Police have killed about 3,500 people in anti-drug efforts, according to Yahoo News, and thousands more have been killed by vigilantes or in unexplained circumstances since Duterte took office in June 2016. As he took his oath, he promised to "kill all the drug lords."
Duterte has come under fire several times for encouraging police officers to abandon human rights in favor of that mission. Human Rights Watch has called the campaign a "human rights calamity." And a Reuters investigation earlier this summer suggested police were moving bodies from crime scenes to hospitals to alter evidence. On Saturday, the New York Times quoted Duterte's spokesman saying the government would not tolerate "wrongdoings or illegal acts" from any law enforcement officer, a change in tone from Duterte's usual praise for anti-narcotics police operations.
But by Monday, he was back to provocative remarks, telling police they could kill "idiots" who resist arrest.
Duterte still gets high approval ratings at home, despite the international outcry. In the latest polls, 80 percent of Filipinos approved of his performance as president.
The faded, "distressed look" of a favorite pair of blue jeans may come with a hidden price for the residents of New York.
The Hudson River dumps 300 million clothing fibers into the Atlantic Ocean each day, according to a recent study in the Marine Pollution Bulletin. Many of the fibers come from aging clothes, rinsed out with the laundry and into the environment. Approximately half of the fibers were plastic, while the remainder were spun from natural materials like cotton or wool. Invisible to the naked eye, these fibers can cause health problems for animals and humans.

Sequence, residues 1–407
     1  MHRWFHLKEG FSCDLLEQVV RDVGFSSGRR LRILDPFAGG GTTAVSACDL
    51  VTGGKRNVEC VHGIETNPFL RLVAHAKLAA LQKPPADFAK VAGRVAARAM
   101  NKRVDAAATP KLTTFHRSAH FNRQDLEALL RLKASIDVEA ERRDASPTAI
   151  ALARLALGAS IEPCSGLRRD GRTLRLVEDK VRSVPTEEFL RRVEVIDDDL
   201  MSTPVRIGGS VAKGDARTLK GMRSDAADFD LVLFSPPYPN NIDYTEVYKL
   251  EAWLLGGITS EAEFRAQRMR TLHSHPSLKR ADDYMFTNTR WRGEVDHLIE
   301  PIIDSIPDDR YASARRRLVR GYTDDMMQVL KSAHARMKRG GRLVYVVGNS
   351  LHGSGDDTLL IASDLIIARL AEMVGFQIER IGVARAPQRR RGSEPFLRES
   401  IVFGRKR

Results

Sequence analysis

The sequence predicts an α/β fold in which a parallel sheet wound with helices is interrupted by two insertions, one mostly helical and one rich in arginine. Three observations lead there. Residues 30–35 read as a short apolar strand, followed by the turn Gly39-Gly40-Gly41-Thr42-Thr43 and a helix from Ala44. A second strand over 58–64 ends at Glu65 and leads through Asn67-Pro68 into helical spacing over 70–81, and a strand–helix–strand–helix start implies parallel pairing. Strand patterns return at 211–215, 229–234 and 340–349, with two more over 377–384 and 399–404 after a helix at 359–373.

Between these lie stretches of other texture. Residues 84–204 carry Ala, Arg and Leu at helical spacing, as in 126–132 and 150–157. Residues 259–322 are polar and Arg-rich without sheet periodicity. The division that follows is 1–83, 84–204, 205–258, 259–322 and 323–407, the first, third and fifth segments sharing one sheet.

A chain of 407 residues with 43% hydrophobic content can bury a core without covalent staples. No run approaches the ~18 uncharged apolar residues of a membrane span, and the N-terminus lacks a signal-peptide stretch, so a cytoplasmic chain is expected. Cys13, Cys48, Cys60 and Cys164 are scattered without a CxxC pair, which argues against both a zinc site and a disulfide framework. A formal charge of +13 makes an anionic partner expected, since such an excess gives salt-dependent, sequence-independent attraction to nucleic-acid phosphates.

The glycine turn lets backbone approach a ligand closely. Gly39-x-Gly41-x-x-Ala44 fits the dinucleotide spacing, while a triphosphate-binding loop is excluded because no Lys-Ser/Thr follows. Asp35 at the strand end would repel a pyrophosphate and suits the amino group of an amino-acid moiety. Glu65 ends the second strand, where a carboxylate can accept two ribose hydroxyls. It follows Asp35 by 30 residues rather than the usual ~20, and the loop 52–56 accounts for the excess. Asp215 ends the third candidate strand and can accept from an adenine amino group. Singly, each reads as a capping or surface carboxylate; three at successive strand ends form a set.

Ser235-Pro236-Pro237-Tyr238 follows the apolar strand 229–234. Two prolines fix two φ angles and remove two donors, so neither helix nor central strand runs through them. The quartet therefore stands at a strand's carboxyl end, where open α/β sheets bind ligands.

Why it's important
Some scientists expected to see a larger concentration of microfibers in locations near wastewater treatment facilities or industrial sites. But instead the pollution was more uniform throughout the river.
If wastewater treatment facilities are not the major culprit, people may want to look at their everyday clothes. Fabrics cast off tiny threads at every stage of their life. Even crime scene investigators count on perpetrators leaving behind bits of clothing. These clothes can shed more fibers into the air than laundering, according to Steve Carr, supervising scientist at the Los Angeles County Sanitation District.
"It's invisible, but everywhere you go and everywhere I go, we are leaving a trail of fibers in our wake," Carr said.
Pollutants and other fine particles can hang in the air and travel great distances, said George Thurston, who studies the health effects of air pollution at the New York School of Medicine. These airborne fibers can also be toxic. During the industrial revolution, byssinosis or brown lung disease, befell textile plant workers due to cotton or other fibers in the factory's air.
But more science is needed to really understand the impact. "We don't know how natural fibers are interacting with humans or animals," marine biologist Abigail Barrows said.